A decade ago, installing Linux was hard work. Getting the OS to boot was easy enough but getting it to actually speak to your PC's hardware could take hours of fiddling with config files or even having to hand compile a new OS kernel. Even getting the GUI to run at anything higher than VGA resolution could leave you tearing out hair in clumps.
Today, things are different. Hardware detection has developed to the point where you can boot the OS from a CD or USB stick on a new machine and it will support your video card and even Wi-Fi without any effort, allowing you to kick off the full install with confidence that you will be able to get to work straight away. If you have ever had to install Windows yourself (particularly XP) then the difference is marked.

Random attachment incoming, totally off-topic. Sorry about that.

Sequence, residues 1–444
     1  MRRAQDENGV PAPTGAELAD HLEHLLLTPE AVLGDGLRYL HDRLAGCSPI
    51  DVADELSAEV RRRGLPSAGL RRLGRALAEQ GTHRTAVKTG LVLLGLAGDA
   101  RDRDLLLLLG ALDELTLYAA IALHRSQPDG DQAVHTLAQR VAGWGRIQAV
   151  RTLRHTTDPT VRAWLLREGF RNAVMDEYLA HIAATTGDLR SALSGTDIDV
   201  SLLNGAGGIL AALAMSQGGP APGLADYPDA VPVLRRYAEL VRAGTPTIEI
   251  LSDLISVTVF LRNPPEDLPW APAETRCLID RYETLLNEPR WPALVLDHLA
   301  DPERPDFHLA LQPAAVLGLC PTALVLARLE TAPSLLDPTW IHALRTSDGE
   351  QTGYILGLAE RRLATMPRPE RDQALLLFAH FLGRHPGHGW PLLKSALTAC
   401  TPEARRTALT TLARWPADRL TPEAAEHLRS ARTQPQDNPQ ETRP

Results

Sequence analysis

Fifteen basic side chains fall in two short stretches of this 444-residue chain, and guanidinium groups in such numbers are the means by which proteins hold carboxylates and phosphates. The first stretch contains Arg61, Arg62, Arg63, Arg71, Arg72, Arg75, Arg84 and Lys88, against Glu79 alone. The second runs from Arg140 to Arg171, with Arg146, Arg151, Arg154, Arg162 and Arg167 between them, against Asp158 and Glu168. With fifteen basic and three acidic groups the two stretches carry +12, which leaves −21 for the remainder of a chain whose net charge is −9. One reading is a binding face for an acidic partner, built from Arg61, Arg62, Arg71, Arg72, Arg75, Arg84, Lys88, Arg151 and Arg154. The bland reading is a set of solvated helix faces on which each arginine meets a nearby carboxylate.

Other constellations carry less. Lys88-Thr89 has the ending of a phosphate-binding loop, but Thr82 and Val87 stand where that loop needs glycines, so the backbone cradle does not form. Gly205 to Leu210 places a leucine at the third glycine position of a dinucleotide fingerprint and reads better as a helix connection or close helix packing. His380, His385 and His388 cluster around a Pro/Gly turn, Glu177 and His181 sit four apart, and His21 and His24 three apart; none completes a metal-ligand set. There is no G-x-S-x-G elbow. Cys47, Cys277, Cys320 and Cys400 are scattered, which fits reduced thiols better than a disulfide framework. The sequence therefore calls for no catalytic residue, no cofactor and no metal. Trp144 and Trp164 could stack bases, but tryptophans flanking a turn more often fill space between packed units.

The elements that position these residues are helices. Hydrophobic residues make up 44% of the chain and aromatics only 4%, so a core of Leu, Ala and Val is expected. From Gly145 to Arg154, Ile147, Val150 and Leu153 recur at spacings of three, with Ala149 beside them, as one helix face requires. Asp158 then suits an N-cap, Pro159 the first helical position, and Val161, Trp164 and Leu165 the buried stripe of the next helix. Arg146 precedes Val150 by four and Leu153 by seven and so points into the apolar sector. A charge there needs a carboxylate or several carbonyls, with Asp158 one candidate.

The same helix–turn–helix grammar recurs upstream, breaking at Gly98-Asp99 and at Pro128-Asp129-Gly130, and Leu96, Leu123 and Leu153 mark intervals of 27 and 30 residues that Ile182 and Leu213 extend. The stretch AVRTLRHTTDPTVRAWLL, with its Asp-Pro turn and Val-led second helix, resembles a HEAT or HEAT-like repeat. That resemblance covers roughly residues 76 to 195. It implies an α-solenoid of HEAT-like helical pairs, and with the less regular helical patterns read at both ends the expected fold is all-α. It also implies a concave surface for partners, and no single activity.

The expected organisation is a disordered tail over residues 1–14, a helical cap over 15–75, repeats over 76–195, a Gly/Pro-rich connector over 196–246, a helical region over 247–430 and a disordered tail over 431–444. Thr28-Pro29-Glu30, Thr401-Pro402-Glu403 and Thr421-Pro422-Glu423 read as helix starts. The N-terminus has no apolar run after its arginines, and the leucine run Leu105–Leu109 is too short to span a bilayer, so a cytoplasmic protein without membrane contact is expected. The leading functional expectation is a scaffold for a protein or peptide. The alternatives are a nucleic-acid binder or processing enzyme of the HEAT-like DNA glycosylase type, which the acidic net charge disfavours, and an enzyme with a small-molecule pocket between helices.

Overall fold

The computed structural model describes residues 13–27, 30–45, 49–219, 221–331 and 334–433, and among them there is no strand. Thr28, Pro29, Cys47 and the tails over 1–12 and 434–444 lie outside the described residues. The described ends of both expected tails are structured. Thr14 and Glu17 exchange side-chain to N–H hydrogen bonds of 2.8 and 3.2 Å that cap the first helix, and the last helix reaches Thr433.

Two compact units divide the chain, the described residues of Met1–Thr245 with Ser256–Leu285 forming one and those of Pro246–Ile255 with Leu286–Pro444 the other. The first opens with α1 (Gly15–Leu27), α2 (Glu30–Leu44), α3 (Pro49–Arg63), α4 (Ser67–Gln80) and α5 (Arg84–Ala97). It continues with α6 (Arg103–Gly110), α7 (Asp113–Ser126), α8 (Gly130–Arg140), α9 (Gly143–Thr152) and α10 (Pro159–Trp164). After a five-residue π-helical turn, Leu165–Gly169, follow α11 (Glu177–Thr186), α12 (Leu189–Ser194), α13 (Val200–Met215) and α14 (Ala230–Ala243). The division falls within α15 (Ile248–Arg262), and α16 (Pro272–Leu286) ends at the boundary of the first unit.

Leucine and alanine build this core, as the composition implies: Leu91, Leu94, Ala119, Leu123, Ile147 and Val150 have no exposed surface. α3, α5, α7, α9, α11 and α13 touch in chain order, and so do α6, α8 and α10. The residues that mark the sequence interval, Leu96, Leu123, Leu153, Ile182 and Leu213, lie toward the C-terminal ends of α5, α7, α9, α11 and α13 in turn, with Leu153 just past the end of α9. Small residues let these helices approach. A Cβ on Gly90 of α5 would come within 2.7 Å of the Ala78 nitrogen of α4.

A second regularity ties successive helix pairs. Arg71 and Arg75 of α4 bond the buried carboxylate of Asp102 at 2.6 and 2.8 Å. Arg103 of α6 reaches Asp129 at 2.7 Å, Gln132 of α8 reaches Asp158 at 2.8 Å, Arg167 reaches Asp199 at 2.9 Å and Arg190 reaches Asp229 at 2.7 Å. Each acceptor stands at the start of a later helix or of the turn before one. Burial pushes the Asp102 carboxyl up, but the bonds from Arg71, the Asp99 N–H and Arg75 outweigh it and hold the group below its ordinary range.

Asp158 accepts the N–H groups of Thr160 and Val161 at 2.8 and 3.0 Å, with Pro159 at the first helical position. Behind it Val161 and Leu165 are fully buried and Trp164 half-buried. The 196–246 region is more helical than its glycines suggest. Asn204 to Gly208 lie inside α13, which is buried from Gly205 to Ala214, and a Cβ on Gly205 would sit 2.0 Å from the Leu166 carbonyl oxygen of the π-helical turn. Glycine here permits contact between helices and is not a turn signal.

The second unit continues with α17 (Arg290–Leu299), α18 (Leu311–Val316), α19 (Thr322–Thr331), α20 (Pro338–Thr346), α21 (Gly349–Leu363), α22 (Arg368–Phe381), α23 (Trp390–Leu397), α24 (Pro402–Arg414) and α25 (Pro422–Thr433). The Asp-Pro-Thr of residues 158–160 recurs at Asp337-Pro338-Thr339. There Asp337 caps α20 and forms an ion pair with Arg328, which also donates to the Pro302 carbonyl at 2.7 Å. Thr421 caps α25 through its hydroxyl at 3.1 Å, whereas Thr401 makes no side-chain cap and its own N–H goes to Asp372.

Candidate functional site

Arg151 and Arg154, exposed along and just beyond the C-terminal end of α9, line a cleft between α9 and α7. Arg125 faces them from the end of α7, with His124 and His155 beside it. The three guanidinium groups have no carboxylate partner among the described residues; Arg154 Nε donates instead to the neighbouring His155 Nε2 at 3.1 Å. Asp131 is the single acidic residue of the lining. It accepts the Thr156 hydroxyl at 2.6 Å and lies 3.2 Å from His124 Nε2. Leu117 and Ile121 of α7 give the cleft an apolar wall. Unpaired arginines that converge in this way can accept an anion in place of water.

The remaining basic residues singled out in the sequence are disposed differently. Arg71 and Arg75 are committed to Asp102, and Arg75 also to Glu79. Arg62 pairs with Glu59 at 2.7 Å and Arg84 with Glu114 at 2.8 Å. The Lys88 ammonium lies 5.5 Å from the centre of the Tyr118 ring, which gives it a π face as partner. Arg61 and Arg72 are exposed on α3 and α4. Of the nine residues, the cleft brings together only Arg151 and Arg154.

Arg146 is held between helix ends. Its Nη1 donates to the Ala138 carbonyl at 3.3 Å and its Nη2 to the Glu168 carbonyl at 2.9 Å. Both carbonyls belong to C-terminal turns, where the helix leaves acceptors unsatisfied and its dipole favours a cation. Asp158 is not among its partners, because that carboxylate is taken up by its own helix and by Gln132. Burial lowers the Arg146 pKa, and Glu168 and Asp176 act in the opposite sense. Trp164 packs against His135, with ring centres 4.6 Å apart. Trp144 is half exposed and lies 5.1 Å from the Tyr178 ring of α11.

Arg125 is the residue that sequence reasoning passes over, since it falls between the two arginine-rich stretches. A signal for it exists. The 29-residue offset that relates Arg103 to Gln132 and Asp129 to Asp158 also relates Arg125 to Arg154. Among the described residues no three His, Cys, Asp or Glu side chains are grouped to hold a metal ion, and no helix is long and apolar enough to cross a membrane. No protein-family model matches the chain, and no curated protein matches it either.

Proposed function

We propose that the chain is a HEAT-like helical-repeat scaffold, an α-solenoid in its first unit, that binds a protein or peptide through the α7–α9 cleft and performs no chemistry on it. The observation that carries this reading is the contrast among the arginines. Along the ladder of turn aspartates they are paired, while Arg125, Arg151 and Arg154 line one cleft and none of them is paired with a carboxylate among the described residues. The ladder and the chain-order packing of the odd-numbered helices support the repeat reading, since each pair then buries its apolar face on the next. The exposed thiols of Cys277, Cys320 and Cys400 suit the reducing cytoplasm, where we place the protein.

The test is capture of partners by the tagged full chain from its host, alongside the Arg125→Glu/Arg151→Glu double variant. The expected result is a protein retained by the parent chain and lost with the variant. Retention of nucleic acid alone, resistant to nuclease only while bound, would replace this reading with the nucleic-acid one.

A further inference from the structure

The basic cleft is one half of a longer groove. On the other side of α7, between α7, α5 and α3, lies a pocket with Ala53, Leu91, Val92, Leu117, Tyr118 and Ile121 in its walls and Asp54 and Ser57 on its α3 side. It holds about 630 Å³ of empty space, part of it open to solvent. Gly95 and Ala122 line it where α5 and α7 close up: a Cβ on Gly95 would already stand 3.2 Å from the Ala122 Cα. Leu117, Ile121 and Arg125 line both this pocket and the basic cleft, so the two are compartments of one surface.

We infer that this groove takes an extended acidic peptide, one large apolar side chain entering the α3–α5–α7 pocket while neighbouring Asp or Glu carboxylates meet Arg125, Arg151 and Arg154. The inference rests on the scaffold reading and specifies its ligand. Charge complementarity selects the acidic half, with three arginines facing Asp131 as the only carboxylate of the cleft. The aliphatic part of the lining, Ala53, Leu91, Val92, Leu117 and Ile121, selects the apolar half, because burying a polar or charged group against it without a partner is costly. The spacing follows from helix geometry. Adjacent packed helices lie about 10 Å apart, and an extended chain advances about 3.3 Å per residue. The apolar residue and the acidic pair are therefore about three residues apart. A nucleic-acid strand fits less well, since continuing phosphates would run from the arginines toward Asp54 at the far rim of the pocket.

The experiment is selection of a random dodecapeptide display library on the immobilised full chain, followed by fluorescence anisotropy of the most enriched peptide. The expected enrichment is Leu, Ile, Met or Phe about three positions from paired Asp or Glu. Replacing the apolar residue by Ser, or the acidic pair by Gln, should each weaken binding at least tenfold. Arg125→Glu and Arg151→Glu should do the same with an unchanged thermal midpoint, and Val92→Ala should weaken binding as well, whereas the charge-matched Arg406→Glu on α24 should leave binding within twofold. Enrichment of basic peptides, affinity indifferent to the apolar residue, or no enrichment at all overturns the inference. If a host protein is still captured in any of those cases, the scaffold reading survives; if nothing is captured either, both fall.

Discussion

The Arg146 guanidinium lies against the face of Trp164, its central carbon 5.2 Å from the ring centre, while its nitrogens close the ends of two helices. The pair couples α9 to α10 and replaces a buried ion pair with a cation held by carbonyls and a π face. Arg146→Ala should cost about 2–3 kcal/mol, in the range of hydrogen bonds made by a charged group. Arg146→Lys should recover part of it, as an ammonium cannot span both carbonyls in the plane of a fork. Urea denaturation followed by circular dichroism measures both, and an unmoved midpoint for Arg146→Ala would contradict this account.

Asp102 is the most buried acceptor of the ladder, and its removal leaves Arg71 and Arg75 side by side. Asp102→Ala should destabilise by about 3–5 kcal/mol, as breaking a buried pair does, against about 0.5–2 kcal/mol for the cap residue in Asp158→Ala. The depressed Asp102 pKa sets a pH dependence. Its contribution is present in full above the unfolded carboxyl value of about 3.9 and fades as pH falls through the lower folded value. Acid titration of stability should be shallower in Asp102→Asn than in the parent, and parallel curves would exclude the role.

That said, some hardware is still designed with Windows in mind. Video and Wi-Fi (mostly) work out of the box but there are plenty of things that do not.
Scanner and printer support is much better today than even a few years ago but there are still some printers that simply refuse to play ball and others still that work to some degree but are unable to offer certain functions.
Even some WiFi hardware only works because of clever "wrapper" code that allows the original windows drivers to work, with a slight performance hit.